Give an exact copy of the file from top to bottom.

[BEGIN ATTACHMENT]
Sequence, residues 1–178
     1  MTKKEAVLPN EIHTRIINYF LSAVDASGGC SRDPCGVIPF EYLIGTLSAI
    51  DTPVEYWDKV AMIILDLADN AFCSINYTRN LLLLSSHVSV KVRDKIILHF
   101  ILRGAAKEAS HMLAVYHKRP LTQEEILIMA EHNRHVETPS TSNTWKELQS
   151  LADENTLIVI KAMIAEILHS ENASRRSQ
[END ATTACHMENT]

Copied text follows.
Sequence, residues 1–178
     1  MTKKEAVLPN EIHTRIINYF LSAVDASGGC SRDPCGVIPF EYLIGTLSAI
    51  DTPVEYWDKV AMIILDLADN AFCSINYTRN LLLLSSHVSV KVRDKIILHF
   101  ILRGAAKEAS HMLAVYHKRP LTQEEILIMA EHNRHVETPS TSNTWKELQS
   151  LADENTLIVI KAMIAEILHS ENASRRSQ